Ann, did you get a sense of what types of components will have the first priority for fabrication on the moon? I would imagine that the limited material available will also limit the variety of parts that can be fabricated.
Didn't know that printing on the Moon or Mars would require working in a "zero gravity" environment. Low gravity, as compared to earth maybe, but not zero gravity. If you are going to be making stuff to be used on the surface it would make no sense to transport it to space and then back to the surface as that would have a heavy cost in fuel that would be in short supply.
Lunar Regolith sounds a lotlike moon dust, which should be available in adequate quantities on the moon, it seems.
What are the mechanical properties of the parts fabricated thus far, and are they actually useable? I know that the first 3D printed parts were primarily useful for visualizing and not much else. But tha was in 1988.
Producing parts from the materials listed does not seem like they would be very tough, but rather very hard and quite brittle, unless some additional work was done on the mixture prior to laser sintering. I see a real challenge in providing a uniform particle size and uniform chemical composition.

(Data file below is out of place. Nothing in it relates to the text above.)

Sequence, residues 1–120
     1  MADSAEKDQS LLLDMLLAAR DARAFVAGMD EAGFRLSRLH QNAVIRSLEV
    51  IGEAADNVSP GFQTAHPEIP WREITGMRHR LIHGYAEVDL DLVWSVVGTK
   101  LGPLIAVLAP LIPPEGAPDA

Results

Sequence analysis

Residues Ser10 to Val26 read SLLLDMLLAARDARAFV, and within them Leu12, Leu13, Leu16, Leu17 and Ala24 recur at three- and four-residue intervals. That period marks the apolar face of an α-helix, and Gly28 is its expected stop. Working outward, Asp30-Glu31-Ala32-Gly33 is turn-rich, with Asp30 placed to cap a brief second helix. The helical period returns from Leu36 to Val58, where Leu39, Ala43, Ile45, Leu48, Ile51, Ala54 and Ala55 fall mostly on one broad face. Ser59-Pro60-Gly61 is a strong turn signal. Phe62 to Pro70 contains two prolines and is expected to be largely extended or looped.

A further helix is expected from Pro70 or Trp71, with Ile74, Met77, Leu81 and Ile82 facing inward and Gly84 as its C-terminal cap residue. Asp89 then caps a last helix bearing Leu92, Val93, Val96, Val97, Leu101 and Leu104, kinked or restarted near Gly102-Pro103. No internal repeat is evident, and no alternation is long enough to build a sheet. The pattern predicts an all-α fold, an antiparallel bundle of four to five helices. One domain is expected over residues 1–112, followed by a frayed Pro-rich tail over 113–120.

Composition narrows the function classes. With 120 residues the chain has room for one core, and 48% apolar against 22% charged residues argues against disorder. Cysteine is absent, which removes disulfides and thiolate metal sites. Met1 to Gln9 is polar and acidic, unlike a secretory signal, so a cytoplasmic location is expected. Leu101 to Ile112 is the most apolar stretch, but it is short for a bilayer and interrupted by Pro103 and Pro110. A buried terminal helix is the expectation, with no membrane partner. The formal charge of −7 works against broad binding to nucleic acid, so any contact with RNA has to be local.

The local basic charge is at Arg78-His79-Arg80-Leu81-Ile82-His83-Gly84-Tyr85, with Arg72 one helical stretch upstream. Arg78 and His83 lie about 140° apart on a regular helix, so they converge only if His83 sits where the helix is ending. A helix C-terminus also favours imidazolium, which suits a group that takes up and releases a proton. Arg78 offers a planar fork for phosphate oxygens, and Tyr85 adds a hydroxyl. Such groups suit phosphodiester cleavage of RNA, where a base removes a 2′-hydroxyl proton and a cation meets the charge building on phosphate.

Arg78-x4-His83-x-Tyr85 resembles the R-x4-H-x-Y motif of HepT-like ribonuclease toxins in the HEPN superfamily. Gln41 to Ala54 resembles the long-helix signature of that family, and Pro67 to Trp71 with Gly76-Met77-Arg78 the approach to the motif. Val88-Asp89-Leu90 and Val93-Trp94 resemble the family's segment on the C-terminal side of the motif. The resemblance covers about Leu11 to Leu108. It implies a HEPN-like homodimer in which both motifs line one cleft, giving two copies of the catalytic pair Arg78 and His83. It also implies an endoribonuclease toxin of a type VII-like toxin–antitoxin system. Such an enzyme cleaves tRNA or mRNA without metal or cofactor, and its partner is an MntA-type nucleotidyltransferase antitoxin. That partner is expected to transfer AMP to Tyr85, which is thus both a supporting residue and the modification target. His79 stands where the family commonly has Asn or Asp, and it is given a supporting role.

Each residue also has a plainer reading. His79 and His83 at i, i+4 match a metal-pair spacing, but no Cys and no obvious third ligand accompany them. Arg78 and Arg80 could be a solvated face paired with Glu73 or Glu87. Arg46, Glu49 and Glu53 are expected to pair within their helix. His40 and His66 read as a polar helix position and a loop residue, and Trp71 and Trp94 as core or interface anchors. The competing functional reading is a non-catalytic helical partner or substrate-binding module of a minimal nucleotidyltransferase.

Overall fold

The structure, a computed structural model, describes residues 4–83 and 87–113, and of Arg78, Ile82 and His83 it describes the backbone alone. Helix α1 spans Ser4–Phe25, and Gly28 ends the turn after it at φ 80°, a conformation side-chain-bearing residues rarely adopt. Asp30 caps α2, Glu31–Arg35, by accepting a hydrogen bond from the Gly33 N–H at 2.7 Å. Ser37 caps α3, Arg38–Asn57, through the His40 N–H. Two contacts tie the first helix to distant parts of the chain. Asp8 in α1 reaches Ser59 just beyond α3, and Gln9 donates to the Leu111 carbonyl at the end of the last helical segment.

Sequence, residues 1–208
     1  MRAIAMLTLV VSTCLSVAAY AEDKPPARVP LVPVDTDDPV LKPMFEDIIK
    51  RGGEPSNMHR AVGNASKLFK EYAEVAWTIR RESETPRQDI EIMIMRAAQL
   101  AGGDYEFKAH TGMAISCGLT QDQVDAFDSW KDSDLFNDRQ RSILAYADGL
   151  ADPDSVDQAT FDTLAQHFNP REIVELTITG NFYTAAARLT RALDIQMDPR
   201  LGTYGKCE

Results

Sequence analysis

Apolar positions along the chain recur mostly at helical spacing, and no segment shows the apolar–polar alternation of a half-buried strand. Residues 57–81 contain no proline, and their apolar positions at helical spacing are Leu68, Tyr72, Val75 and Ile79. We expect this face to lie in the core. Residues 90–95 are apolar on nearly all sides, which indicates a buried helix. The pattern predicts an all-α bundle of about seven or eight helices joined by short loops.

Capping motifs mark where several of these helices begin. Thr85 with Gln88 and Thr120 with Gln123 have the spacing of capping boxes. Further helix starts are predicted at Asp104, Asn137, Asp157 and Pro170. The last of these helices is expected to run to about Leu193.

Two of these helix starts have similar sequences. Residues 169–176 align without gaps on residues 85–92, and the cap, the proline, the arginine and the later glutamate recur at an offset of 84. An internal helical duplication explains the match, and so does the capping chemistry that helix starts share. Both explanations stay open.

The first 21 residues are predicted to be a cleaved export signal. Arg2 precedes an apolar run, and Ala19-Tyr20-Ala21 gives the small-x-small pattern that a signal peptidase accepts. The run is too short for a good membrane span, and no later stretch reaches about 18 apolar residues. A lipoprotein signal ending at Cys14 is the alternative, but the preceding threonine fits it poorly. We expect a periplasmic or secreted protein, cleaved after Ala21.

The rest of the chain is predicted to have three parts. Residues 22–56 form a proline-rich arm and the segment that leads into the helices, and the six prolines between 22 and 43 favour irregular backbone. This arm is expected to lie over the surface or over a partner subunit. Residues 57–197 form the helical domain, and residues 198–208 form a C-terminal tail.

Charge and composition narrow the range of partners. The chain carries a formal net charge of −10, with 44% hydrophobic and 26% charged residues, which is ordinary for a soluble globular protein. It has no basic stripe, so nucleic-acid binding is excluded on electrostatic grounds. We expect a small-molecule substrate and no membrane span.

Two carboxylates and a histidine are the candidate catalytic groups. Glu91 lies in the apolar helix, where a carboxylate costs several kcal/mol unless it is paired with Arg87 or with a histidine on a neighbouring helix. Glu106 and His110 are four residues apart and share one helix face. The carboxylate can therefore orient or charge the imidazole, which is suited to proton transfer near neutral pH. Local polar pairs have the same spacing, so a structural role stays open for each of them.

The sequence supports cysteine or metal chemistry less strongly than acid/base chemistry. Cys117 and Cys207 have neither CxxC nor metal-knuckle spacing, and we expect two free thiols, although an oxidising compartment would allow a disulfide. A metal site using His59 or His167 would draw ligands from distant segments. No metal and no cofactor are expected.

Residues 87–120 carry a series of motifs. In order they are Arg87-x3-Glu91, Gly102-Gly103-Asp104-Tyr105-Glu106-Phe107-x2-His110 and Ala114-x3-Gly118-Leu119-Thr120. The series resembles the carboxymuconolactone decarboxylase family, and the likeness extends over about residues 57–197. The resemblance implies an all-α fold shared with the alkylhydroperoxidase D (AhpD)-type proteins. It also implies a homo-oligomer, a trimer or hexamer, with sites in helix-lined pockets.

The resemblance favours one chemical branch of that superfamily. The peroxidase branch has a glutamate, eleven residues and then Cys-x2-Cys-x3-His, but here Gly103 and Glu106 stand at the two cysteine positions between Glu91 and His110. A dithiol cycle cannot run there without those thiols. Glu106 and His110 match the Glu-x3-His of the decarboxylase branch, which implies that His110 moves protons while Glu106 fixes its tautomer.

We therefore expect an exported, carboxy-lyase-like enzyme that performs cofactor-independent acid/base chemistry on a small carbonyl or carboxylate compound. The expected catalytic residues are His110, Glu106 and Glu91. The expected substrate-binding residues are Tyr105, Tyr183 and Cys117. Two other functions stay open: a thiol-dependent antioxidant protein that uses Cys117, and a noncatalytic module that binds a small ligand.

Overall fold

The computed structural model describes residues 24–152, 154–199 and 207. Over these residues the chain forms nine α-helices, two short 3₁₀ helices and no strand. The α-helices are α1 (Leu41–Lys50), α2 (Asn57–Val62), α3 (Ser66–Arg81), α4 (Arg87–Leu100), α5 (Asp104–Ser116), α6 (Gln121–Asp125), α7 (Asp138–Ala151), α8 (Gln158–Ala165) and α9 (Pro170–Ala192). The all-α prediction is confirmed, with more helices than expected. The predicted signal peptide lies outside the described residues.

Providing enough power to run the 3D printer is the other challenge that could be an obstacle to using the process onthe moon, although with an adequate solar array enough power should be available.
If more information is available a discussion of the properties of the material will be an interesting presentation indeed.
To give engineers a better idea of the range of resins and polymers available as alternatives to other materials, this Technology Roundup presents several articles on engineering plastics that can do the job.
The first photos made with a 3D-printed telescope are here and they're not as fuzzy as you might expect. A team from the University of Sheffield beat NASA to the goal. The photos of the Moon were made with a reflecting telescope that cost the research team £100 to make (about $161 US).
A tiny humanoid robot has safely piloted a small plane all the way from cold start to takeoff, landing and coming to a full stop on the plane's designated runway. Yes, it happened in a pilot training simulation -- but the research team isn't far away from doing it in the real world.
Some in the US have welcomed 3D printing for boosting local economies and bringing some offshored manufacturing back onshore. Meanwhile, China is wielding its power of numbers, and its very different relationships between government, education, and industry, to kickstart a homegrown industry.
You can find out practically everything you need to know about engineering plastics as alternatives to other materials at the 2014 IAPD Plastics Expo. Admission is free for engineers, designers, specifiers, and OEMs, as well as students and faculty.